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Using color fax
One of the more advanced fax features that the Brooktrout product supports is color fax. Color fax is pretty much what the name implies – sending and receiving a fax that is in color rather than the normal black and white. This means you could send...
5 months ago
Using T.30 Holdup
9 months ago
New Features in Brooktrout SDK 6.7.5 - New format for SR140 sip_Contact field
10 months ago
New Features in Brooktrout SDK 6.7.5 - Ability to Assign SR140 Ports to an Inbound Phone Number
10 months ago
24 Apr 2006 2:55 PM
There seems to be a lot of interest in predictive dialler applications here recently. If you haven’t come across this concept, a predictive dialler is a machine that dials out from a call centre, and if the call is successful (that is, the call is answered by a person), then it connects the call with a waiting agent in the call centre. Obviously the main reason for a predictive dialler is to make the staff in the call centre more efficient, i.e. make sure they spend more time talking to people and not listening to busy tones, answering machine messages, etc.
Obviously there are a lot of technical challenges in making this work, detecting call progress and in-band tones, as well as looking at the energy on the line in order to detect human speech. The technical problem that interested me though, was detecting answering machines, which generate human speech without a real human present, and they also generate a bewildering variety of tones. One customer has been using the voice-activity-detection (VAD) features of Diva Server to detect human speech, and also they use a feature called Generic Tone Detection. This is a nice feature where you can ask the Diva Server to listen for any type of single tone, given a minimum length and minimum amplitude parameters. When the board hears a tone, it figures out the frequency and sends this information back to the app. What this customer found, is that different answer machines and voicemail services have tones of varying lengths, and all different frequencies, e.g. 700 Hz, 750, 850, 1400, so you end up with a database of potential tones that tell you whether an answer machine is present.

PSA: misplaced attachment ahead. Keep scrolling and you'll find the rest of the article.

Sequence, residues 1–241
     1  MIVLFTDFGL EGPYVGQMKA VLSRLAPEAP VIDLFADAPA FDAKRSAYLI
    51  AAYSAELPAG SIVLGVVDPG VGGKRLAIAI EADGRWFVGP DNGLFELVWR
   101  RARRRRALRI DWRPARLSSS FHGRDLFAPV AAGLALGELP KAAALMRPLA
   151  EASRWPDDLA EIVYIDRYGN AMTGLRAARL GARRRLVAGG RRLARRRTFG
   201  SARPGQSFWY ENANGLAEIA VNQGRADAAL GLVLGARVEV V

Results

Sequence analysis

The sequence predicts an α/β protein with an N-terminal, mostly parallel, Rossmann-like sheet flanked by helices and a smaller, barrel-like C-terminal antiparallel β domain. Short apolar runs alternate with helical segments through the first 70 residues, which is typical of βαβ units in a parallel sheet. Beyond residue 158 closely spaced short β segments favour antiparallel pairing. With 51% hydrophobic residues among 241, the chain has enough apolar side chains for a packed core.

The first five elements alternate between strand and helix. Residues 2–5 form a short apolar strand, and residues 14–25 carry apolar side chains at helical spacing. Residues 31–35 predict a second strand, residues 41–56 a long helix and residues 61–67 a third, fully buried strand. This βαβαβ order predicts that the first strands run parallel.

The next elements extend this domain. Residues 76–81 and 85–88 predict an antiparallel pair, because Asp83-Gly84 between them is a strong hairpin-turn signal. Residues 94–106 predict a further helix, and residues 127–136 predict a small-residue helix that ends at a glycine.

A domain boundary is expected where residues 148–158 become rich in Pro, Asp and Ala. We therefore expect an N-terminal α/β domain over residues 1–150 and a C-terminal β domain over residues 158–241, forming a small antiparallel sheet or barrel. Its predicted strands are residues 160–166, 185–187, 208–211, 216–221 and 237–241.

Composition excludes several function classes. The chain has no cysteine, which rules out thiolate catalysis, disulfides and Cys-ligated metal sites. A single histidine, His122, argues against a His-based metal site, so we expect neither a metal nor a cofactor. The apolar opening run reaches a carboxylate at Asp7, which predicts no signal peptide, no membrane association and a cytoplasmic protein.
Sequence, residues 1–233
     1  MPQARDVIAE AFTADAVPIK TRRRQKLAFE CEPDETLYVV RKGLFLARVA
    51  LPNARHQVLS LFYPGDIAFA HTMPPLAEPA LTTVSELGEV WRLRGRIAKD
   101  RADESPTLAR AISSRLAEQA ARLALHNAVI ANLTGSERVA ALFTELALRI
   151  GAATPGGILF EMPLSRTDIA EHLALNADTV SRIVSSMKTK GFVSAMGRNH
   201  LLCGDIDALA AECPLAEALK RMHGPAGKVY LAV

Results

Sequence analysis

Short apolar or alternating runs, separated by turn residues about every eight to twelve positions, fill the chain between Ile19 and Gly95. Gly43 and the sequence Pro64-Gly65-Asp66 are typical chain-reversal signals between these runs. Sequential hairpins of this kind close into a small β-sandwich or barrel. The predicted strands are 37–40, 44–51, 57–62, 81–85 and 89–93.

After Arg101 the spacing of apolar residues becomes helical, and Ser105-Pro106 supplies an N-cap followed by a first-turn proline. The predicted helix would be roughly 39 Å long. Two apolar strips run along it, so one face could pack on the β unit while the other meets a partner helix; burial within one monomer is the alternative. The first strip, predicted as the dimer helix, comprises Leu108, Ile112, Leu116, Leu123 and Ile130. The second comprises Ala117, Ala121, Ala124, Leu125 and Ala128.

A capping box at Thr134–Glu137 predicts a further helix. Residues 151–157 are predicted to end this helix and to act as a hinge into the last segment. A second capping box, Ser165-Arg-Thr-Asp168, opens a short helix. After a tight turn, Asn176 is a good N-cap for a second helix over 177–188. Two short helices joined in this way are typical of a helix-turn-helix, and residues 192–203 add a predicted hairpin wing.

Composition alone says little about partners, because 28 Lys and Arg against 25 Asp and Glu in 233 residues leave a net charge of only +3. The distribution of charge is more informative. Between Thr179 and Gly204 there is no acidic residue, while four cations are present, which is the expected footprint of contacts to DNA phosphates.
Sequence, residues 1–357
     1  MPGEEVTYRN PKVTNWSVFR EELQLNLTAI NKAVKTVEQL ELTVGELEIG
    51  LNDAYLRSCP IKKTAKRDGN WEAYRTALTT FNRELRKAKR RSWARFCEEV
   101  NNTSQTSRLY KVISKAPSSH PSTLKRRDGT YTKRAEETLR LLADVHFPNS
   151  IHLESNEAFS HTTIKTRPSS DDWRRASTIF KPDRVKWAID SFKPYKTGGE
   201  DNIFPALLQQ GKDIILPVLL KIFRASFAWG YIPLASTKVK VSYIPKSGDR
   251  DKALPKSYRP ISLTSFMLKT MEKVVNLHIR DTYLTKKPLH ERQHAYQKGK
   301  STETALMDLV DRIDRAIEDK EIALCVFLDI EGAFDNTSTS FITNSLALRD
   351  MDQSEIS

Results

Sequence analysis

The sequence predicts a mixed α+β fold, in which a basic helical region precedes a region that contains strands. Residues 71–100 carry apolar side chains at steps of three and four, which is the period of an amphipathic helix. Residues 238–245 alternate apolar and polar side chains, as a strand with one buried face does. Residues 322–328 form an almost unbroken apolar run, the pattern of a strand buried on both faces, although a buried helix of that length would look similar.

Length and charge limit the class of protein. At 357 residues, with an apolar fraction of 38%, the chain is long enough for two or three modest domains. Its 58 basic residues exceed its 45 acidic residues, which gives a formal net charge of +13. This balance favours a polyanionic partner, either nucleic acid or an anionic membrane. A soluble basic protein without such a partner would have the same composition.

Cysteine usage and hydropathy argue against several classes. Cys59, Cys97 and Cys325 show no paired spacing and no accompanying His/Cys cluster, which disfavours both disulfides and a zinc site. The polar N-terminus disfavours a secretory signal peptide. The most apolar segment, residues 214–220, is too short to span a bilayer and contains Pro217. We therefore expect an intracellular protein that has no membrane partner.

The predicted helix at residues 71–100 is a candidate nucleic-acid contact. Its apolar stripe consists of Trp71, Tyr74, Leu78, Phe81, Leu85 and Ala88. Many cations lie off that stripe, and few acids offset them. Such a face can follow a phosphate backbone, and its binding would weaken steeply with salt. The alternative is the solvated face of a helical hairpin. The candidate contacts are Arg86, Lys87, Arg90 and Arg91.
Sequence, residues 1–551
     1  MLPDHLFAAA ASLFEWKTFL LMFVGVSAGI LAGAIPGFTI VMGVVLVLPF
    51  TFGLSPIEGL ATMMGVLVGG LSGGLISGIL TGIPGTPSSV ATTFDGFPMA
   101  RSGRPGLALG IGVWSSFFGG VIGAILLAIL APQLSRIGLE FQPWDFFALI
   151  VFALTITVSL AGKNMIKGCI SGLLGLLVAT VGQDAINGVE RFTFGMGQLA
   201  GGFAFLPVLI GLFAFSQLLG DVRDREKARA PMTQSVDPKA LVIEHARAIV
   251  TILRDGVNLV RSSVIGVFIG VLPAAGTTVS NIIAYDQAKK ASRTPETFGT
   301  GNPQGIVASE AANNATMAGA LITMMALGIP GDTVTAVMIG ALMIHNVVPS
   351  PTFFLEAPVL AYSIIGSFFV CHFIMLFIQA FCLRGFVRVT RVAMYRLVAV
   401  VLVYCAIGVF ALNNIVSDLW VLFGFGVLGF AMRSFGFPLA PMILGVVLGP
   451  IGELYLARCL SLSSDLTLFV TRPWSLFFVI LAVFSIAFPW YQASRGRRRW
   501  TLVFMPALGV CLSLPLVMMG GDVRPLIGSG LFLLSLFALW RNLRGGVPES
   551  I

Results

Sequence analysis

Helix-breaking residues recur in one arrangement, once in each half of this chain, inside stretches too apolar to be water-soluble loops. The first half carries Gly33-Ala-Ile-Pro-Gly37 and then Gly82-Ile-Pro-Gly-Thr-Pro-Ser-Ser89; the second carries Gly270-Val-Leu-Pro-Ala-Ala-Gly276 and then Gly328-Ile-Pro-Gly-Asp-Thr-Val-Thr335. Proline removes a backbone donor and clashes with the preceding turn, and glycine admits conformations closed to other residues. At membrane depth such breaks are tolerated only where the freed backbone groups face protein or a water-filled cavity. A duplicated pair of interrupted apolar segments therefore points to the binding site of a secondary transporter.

A useful tip for you, if you are testing with generic tones like this: Using the free software Audacity (http://audacity.sourceforge.net/), you load up a file (WAV etc) and analyze the frequencies (Analyze/Plot Spectrum) and see where the power peaks are.
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